Friday, December 03, 2004

Auction of bighorn sculptures Saturday

COACHELLA VALLEY: Thirty-one of the life-size artworks go on the block in Rancho Mirage.

Bighorn sale

What: Path of the Bighorn Auction

When: Saturday

Hours: Registration and viewing begins at 11 a.m.; auction starts at 2 p.m.

Where: The Lodge at Rancho Mirage, 68-900 Frank Sinatra Drive, Rancho Mirage

The "Path of the Bighorn" public art project is coming to an end with its first auction Saturday of the life-size bighorn sheep sculptures dotting the Coachella Valley and celebrity drawings of the rams.

Thirty-one of the 107 painted and decorated fiberglass sculptures and more than 100 bighorn drawings by such stars as John Travolta, Susan Sarandon and Kirk Douglas will be sold at The Lodge at Rancho Mirage.

Proceeds from the project, begun two years ago, will benefit the nonprofit Bighorn Institute, a 22-year-old conservation organization that launched Path of the Bighorn to raise awareness of the endangered Peninsular bighorn sheep.

"Our hope is that we will have many of these sculptures that will remain as public art to remind our visitors and residents of this endangered animal," said Lydia Kremer, project coordinator. "None of us expected it to be as large, as well received and as successful as it has become."

Opening bids for the bighorn sculptures, including rams adorned by Cher, Stefanie Powers and Anjelica Huston, weren't disclosed. The live auction is expected to last two hours.

The celebrity drawings - some colorful, some imaginative, and some inscribed with messages - will be auctioned off at $25 per raffle ticket, which will be collected in a box for each drawing.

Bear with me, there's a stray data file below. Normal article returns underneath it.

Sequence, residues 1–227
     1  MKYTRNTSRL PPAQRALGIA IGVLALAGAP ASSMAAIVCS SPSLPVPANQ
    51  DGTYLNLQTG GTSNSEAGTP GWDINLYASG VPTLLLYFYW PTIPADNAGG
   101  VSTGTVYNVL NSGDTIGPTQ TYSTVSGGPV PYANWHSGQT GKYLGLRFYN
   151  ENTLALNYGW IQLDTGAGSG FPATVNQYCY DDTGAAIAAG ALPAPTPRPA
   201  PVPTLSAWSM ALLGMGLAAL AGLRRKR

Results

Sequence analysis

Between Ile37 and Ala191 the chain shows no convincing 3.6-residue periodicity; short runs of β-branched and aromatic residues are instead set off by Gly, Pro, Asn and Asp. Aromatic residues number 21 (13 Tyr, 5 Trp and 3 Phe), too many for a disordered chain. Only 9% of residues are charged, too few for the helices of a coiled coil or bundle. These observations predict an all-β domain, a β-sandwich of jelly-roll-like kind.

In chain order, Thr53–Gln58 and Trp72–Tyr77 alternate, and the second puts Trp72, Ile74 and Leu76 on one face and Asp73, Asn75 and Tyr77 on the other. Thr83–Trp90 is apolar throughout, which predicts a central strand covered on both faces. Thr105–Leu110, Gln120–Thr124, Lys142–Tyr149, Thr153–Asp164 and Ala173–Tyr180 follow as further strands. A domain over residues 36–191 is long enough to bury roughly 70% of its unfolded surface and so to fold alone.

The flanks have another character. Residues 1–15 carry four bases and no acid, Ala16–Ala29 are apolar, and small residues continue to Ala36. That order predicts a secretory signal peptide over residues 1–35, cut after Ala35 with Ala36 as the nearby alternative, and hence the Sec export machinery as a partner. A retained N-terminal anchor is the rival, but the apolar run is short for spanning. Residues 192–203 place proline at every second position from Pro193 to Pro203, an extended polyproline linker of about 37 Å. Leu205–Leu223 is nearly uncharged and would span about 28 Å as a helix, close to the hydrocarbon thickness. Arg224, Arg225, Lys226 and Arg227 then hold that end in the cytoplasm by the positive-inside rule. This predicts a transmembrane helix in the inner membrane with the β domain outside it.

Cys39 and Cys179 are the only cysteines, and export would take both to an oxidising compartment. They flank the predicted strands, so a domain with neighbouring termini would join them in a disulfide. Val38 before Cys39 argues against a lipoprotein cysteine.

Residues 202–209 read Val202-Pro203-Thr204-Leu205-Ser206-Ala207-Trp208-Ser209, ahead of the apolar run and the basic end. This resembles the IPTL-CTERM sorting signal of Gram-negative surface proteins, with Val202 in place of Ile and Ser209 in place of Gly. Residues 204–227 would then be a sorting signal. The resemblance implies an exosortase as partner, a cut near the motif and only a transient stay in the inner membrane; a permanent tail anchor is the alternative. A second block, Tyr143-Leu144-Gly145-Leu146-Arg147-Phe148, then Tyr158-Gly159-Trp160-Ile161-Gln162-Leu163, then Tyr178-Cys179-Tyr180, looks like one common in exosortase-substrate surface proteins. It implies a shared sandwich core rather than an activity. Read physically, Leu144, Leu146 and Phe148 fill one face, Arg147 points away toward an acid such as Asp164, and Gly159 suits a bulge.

Alexandra Sheldon, Path of the Bighorn director and president of the institute's Board of Directors, said the money raised from the auction will go toward a $10 million project to build a research and education center for the institute, which has worked to protect the bighorn sheep through recovery programs and captive breeding

"Our office is in a trailer," Sheldon said. "It would be great to build a real building with offices."

Sheldon said she hopes the sculptures will remain in the valley. The 71-inch fiberglass rams, which weigh up to 350 pounds, stand at museums, tourist attractions and other public places. They became so popular that maps were created to point people to each sheep's location.

About 20 sculptures, including the one at Palm Springs International Airport, will remain as public art, Sheldon said. The other artworks will be sold at future auctions, she said.

Sheldon said she won't be able to attend Saturday's sale. "I can't see them go," she said. "My dream is that all location people will buy them."

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